1. Intelligent budget control
A common approach to budgeting in metalworking operations is to acquire every element of the process at the lowest price possible. However, it is best not to base your shop’s tool selection on price alone. Before discussing prices, consider the desired end results. If a tight-tolerance, top-quality part is the goal, more-expensive precision tooling will be required to machine it. On the other hand, when quality demands are less stringent, a portion of the capabilities of high-precision tools will be wasted. Recognizing the ultimate goal of the process is the first step in cost-effective purchasing decisions.
2. Intelligent handling of constraints
Real-world metalworking operations are bound by practical constraints that include machine power and stability and customer demands in terms of dimensions and surface finish quality. Simply reducing your cutting parameters overall is not an intelligent way to deal with process constraints. The combination of decreasing depths of cut and increasing feedrate, for instance, can improve your shop’s productivity within the constraint of limited machine power.
3. Tool application rationalization
Typically, shops make tool application choices one operation at a time, choosing a specific tool to create a certain feature on a part then picking another tool to machine another different feature. Each tool is programmed and optimized separately, representing separate programming and administrative costs. An alternative is a specialized custom tool that cuts multiple features, but these tools can be expensive.
Between these two extremes, shops could opt for a standard tool engineered to perform more than one operation. Even if such multi-purpose tools do not operate at the optimized cutting parameters of the separate tools they replace, the standard multi-purpose tool provides savings in tooling, programming, tool change time and inventory costs.
4. Complex workpiece approach (group technology)
To expedite the machining of complex parts, view similar features as a group and choose a tool optimized for a certain operation, such as holemaking, that is repeated on different parts. The optimized tool will maximize productivity and also reduce cost when considering the engineering time that goes into repetitively programming tools for each separate part. This approach also helps reduce your tool inventory.
5. Achieving minimal functional workpiece quality
Although initially the concept may seem strange, it is necessary to achieve only the lowest possible workpiece quality that meets your customer specifications and functional requirements. There is no need to exceed those requirements. If a part tolerance is 5 microns, achieving 3 microns is a waste of time and money. Higher quality tooling and more precise operating processes will be required to achieve the tighter tolerance. But customers will refuse to pay for such unrequested higher quality, and the job will be a money-losing proposition for your shop.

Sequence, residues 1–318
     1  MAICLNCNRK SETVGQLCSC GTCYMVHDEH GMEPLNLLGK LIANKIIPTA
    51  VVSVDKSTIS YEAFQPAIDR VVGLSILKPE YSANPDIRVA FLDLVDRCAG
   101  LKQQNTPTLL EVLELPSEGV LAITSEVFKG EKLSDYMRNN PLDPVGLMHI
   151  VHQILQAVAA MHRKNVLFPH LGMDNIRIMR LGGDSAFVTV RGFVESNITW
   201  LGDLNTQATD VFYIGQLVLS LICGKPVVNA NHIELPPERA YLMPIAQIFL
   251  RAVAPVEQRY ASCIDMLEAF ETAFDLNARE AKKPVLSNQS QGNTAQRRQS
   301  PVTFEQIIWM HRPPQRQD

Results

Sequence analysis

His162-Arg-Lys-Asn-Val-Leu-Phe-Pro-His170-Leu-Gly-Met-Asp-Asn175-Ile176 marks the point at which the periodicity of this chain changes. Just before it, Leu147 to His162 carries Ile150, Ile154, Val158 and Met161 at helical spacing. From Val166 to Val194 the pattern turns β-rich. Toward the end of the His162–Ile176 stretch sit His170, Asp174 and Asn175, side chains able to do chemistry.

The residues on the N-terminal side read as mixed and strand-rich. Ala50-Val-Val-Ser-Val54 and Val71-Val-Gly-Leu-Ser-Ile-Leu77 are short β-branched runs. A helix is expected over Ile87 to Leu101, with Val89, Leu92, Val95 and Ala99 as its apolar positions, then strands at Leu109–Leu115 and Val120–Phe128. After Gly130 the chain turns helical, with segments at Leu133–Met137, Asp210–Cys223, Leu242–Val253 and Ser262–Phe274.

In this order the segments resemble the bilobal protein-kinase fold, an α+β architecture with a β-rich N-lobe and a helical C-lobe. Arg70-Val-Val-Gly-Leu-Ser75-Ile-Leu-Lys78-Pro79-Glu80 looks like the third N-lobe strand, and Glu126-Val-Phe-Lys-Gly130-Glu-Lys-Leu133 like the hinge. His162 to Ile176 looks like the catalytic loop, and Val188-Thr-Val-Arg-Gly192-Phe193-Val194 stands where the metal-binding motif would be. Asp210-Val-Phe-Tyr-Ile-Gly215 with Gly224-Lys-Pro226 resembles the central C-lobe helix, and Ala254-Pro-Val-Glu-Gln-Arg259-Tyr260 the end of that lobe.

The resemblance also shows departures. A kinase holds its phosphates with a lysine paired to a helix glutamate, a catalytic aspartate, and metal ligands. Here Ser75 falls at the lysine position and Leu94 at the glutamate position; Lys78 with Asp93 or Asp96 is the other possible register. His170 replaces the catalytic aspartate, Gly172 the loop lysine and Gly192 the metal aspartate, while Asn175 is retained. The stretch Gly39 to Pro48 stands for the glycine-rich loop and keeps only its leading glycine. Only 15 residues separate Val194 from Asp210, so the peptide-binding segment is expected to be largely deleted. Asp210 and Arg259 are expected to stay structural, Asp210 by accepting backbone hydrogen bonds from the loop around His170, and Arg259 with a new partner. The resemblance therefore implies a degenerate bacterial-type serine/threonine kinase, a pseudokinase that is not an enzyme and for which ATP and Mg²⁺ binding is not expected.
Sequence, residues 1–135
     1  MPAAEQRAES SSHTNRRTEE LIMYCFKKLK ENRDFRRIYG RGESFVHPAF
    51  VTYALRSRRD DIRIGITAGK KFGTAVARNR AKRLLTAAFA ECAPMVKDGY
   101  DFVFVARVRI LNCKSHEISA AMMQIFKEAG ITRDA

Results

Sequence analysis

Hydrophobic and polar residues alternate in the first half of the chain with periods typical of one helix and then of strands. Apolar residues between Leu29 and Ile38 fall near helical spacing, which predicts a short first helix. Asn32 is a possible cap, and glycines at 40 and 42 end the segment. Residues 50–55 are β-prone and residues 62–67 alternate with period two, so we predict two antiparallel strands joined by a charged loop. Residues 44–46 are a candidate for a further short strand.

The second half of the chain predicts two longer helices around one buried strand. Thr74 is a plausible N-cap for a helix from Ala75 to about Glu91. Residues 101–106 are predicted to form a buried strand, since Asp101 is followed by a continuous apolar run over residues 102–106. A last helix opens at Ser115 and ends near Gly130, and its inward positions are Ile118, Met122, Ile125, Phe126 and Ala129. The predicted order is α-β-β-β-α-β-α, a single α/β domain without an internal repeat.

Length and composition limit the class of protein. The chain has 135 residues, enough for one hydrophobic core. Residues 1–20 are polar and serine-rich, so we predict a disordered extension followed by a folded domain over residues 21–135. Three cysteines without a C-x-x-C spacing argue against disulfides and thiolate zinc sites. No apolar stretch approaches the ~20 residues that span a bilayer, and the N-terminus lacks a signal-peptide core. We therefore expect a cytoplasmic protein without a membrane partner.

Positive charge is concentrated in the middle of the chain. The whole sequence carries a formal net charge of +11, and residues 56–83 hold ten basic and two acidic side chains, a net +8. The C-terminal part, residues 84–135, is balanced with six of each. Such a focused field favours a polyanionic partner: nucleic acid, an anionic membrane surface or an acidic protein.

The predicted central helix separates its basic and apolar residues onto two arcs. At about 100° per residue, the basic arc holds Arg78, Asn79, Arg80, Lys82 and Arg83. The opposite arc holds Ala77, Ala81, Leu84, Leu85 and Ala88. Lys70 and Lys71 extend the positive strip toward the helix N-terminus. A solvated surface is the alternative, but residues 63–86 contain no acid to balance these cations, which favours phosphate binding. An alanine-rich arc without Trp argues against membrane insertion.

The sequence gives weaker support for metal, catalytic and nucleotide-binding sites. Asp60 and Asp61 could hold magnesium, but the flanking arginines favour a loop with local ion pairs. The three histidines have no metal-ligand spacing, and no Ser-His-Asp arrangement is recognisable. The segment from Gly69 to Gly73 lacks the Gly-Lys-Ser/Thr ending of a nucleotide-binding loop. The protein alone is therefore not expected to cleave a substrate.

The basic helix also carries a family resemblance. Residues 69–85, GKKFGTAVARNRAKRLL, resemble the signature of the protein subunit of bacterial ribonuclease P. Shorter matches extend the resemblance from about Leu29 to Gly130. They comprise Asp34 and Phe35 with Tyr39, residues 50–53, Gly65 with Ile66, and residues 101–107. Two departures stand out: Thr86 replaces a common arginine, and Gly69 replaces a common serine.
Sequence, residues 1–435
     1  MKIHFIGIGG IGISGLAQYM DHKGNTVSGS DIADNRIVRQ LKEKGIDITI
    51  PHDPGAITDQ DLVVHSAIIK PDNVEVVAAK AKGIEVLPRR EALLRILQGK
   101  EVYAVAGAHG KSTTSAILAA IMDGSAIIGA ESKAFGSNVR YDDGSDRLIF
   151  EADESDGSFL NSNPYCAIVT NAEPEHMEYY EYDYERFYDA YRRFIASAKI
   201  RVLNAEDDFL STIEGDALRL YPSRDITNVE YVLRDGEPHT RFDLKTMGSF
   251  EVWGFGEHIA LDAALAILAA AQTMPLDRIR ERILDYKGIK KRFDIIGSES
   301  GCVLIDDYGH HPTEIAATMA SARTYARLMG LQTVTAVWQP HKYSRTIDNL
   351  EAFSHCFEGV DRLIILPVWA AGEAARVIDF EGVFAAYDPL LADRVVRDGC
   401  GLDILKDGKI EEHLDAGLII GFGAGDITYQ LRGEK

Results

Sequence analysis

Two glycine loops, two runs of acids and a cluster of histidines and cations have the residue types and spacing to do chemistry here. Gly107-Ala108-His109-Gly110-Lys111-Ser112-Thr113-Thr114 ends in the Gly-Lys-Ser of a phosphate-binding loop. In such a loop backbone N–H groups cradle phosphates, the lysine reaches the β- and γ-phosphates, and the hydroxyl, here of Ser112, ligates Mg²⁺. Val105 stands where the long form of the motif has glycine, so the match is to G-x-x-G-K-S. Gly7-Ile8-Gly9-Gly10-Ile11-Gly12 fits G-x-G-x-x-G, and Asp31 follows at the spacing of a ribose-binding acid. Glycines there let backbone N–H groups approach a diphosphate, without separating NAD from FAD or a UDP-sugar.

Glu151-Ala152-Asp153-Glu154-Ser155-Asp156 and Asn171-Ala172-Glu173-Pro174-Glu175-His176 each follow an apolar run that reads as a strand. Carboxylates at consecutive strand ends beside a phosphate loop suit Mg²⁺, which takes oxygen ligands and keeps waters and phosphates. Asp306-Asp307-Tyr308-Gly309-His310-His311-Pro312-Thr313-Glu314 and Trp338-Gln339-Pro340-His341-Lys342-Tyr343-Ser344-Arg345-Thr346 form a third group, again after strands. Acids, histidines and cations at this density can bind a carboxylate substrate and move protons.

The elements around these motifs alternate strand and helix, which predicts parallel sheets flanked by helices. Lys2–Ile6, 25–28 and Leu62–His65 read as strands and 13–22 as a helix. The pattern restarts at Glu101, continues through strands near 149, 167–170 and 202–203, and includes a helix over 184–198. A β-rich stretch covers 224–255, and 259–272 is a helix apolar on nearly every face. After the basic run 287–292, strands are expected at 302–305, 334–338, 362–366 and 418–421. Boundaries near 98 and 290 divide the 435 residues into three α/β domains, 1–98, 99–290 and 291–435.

6. Predictive tool maintenance
Traditional tool maintenance is reactive. When a tool wears out or breaks, it is replaced. That approach, however, generates costs beyond those of the tool itself, including manufacturing process downtime and possible damage to the workpiece. Preventive tool maintenance is a step beyond reactive maintenance and is based on replacing the tool before it reaches its shortest expected working life to be sure that the change is made before the tool wears out too much or breaks.
7. Tool inventory control
Tool inventory control is different than tool management. Tool inventory control is an effort to rationalize and consolidate the number of tools your shop possesses to focus on what is really needed. If tools are not rationalized before being loaded into an automated tool dispenser, the result is simply automated disarray.
8. Practical work analysis
Many shop activities needed for the production of a finished workpiece do not directly add value. These include fixturing the workpiece on the machine and writing the machining program. Such non-value-added tasks should be completed as fast as possible and in a way that minimizes their effect on your total cost of production. Automation can accomplish tasks such as part loading and fixturing and save time and money. When analysing work activities and costs, it is essential to consider all the contributors to part production time.
9. Practical application of optimization
Rarely does a process work exactly as planned, and it is at this point where optimization of the operations in terms of speed, reliability and other factors is necessary. Most shops also seek to improve ongoing processes. Practical optimization enables your shop to find technical and economic benefits in a combination of feed, speed and depth of cut that produces the desired results.
10. Intelligent introduction of new technology
Today’s manufacturers face a range of relatively new challenges including mandates for sustainability and environmental protection. Intelligent introduction of new technologies and processes enables your shop to fulfil these challenges. Dry machining, for example, permits your facility to reduce the use of coolants, which in turn reduces the potential effects of the fluids on the environment, as well as the cost of safely disposing of them. Improving process parameters and production tooling performance will result in measureable savings in energy expenditures.
Don is the manager of education and technical services for Seco, responsible for all educational activities for the NAFTA market, new product testing and various other technical functions. Outside of work, he enjoys making maple syrup, restoring antique tractors and farming.